In the following diagram, we illustrate how text is transformed into word vectors, a process in NLP that allows for the quantification and analysis of linguistic connections. For instance, the vector for "puppy" would be located closer in the vector space to "dog" than to "house," indicating their semantic closeness. This method also applies to analogical relationships. For example, the vector difference and orientation between "man" and "woman" might be similar to that between "king" and "queen." This demonstrates that word vectors not only encapsulate word meanings but also facilitate meaningful comparisons of their semantic relations within a multidimensional vector space.

Vector representation of words. Credits

Beyond word and sentence embeddings, vector embeddings can represent documents, images, user profiles, products, and more. These embeddings help machine learning algorithms find patterns and perform tasks like sentiment analysis, language translation, and recommendation systems.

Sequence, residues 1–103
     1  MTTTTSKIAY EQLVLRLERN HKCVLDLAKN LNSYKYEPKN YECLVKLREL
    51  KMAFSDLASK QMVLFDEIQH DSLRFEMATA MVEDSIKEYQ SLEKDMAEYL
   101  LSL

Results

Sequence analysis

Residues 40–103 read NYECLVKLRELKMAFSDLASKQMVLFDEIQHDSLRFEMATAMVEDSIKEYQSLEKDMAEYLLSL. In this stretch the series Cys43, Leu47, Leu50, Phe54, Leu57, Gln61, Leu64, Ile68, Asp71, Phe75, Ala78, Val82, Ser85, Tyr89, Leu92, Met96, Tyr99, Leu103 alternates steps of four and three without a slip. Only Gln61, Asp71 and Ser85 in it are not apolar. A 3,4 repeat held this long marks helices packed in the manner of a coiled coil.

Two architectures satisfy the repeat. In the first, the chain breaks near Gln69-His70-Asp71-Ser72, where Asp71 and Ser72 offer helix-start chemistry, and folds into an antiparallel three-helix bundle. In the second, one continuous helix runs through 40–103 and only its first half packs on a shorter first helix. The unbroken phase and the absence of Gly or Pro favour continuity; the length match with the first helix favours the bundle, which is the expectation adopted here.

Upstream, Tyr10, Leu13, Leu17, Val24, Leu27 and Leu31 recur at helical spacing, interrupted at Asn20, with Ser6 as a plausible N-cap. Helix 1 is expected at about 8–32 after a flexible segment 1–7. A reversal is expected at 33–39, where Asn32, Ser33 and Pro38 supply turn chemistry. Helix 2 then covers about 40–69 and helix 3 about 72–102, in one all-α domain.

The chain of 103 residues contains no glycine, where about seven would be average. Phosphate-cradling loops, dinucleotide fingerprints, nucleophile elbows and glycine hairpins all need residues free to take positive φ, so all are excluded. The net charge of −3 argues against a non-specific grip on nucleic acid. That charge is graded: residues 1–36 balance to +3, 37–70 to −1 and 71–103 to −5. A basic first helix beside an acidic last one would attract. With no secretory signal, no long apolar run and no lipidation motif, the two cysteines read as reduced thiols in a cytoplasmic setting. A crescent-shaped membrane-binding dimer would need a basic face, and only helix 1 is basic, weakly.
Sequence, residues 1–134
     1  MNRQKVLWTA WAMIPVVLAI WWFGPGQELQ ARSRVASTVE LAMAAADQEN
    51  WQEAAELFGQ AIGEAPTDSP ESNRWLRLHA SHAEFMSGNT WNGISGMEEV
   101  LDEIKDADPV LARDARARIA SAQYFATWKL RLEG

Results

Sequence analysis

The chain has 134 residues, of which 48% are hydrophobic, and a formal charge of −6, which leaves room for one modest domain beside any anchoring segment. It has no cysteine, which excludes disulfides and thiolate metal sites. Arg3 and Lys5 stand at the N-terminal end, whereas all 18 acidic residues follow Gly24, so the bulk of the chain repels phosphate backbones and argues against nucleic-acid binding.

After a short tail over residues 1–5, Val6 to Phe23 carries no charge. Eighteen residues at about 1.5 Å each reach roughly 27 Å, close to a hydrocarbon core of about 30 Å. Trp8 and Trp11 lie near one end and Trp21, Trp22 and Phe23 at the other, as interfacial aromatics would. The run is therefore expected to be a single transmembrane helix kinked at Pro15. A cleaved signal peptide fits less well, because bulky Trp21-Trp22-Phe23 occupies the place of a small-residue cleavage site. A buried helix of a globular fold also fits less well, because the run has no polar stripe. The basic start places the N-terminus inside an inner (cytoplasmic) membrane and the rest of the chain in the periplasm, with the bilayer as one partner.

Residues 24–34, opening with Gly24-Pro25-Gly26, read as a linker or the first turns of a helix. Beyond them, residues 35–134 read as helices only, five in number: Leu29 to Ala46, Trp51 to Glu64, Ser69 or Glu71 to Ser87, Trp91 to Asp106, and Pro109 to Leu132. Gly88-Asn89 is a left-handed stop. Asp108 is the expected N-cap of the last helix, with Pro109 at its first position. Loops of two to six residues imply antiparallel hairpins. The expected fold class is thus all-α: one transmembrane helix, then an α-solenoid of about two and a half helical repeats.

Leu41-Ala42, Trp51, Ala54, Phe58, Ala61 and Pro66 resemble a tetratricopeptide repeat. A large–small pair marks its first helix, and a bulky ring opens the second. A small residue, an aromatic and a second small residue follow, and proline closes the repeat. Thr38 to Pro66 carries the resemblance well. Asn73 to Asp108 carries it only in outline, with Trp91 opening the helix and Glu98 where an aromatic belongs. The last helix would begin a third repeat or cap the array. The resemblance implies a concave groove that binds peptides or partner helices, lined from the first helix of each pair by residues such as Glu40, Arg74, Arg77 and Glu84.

Embeddings from Documents, Audio and Images.Credits

Types of Vector Embeddings

  • Word Embeddings: These are vectors that embody individual words, employing techniques such as Word2Vec, GloVe, and FastText. Such methods ascertain word embeddings by gleaning semantic connections and contextual insights from vast text datasets.

  • Sentence Embeddings: This type involves representing sentences in their entirety as vectors. Approaches like the Universal Sentence Encoder (USE) and SkipThought produce embeddings that encapsulate the core essence and context of the sentences.